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More Children Diagnosed With Mysterious Paralyzing Illness As Some Accuse CDC Of Hiding Information From Public

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PHILADELPHIA (CBS) -- More children have been diagnosed with a mysterious paralyzing illness in recent weeks, according to the Centers for Disease Control and Prevention.

The numbers continue to grow as the CDC says it has confirmed another two dozen cases of the illness that's striking mostly children. While the disease is rare, there have been more cases this year than ever before.

It appears most patients with a polio-like condition called acute flaccid myelitis showed symptoms of viral infections before they developed the illness, according to the CDC.

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It says there are now 90 confirmed cases of AFM in 27 states and it is investigating an increasing number of potential cases. That number is up to 252.

AFM affects the nervous system, specifically part of the spinal cord. It causes weakness in the arms and legs, and in some cases, paralysis.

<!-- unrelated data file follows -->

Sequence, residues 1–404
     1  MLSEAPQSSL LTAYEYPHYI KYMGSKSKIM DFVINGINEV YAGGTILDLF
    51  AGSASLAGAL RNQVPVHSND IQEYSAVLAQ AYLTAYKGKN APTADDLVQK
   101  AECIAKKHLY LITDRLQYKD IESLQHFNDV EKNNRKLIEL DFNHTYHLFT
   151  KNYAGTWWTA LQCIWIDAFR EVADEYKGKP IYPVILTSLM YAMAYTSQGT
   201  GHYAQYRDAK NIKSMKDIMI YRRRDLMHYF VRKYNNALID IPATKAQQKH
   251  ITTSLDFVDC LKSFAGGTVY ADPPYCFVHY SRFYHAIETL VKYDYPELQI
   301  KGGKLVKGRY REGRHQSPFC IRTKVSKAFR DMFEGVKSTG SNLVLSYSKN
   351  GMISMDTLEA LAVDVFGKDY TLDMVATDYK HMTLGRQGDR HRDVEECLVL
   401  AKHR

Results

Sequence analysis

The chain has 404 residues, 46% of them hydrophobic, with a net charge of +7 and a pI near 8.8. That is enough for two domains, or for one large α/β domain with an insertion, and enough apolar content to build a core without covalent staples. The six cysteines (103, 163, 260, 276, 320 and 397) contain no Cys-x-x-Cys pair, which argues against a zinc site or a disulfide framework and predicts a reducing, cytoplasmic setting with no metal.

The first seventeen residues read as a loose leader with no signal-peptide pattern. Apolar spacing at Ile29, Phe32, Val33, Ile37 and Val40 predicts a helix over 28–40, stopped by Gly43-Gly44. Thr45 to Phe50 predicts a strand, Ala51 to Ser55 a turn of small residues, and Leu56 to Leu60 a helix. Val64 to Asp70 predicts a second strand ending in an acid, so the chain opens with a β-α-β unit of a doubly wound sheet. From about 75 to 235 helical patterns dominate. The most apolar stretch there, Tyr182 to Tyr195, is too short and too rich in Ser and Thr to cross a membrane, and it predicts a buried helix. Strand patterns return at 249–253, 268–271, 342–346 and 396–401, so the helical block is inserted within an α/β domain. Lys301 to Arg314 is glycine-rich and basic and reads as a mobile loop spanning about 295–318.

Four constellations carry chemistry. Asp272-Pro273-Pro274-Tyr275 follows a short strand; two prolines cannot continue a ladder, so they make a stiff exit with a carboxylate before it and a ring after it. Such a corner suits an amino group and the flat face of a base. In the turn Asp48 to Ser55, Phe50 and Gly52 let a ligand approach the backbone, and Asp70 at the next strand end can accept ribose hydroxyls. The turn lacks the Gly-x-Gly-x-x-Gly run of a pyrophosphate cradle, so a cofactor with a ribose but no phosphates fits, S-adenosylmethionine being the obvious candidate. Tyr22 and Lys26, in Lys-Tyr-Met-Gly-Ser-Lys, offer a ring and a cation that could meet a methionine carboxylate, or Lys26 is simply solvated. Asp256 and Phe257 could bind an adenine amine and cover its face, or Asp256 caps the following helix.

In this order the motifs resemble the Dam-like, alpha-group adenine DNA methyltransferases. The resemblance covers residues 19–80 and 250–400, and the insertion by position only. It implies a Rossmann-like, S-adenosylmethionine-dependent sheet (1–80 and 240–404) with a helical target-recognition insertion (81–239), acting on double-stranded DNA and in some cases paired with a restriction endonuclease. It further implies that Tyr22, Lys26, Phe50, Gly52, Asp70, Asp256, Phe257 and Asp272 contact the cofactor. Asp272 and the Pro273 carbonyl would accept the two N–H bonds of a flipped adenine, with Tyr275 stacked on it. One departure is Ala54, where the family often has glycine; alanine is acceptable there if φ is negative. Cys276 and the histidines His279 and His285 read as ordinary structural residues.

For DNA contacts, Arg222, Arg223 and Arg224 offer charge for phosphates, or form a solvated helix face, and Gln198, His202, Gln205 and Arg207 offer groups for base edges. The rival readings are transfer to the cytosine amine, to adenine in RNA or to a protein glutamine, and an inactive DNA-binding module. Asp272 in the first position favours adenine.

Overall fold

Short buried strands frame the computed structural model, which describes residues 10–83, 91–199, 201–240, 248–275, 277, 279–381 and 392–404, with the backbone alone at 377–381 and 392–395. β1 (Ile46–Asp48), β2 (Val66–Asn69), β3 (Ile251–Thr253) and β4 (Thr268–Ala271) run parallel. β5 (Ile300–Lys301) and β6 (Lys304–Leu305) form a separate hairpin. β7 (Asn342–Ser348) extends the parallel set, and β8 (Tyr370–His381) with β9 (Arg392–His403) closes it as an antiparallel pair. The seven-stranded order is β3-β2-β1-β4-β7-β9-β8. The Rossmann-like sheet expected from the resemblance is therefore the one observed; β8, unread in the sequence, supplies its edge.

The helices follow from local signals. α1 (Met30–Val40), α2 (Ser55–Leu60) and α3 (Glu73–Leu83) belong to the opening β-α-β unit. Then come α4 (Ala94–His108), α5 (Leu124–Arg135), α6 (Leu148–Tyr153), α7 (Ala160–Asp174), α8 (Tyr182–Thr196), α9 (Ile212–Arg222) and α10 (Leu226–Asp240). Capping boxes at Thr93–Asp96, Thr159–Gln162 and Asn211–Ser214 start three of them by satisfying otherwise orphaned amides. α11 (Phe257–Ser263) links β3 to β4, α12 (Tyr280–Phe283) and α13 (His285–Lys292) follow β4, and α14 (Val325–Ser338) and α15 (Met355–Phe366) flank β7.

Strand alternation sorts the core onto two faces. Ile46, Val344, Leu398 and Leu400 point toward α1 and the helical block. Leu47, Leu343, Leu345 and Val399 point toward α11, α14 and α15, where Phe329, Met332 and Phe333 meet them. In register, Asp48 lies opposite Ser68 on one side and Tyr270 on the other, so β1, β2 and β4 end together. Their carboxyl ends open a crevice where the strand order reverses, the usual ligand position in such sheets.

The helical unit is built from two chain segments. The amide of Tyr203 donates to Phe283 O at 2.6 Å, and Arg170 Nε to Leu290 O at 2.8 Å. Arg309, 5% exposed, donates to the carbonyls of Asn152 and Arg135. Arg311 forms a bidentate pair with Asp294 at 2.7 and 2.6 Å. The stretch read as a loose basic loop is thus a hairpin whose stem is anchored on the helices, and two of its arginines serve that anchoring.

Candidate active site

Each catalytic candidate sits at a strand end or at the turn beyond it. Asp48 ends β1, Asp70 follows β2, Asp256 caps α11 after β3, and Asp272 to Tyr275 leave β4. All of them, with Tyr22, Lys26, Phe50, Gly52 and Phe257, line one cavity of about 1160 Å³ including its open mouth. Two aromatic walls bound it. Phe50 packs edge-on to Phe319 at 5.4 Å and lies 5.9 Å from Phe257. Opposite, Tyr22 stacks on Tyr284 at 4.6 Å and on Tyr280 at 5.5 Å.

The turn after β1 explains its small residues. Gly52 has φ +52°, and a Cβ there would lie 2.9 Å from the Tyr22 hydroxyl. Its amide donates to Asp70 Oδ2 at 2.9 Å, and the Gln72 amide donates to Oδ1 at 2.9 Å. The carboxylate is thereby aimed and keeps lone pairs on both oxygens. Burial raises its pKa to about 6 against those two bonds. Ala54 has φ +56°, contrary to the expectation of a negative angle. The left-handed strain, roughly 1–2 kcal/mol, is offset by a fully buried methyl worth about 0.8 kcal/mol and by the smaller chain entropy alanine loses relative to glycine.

Some are accusing the CDC of underreporting deaths related to the illness and hiding information from the public.

"I'd hate to think that," said Robin Roberts, whose 5-year-old son Carter died in September. "There would be another parent crying their eyes out because their child's in an urn."

Carter was diagnosed with AFM by three different medical centers, but the CDC says there have been no confirmed deaths from the illness.

"The reporting of the diseases has a lot of steps, so there may be a lag," said Dr. Anne Schuchat, the CDC's principal deputy director. "We are working 24/7 to increase recognition, to get the reporting into the system. Every one of these episodes is difficult and the deaths are really tragic."

More than 400 people, mainly children, have been diagnosed with AFM since 2014.

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The CDC hasn't been able to identify a specific virus that causes AFM. They also say it's possible the illness is being caused by some new germ that hasn't been identified, and they think in some patients, their immune systems react so severely, it causes paralysis.

The illness tends to spike in the fall every other year. It's not known exactly why.

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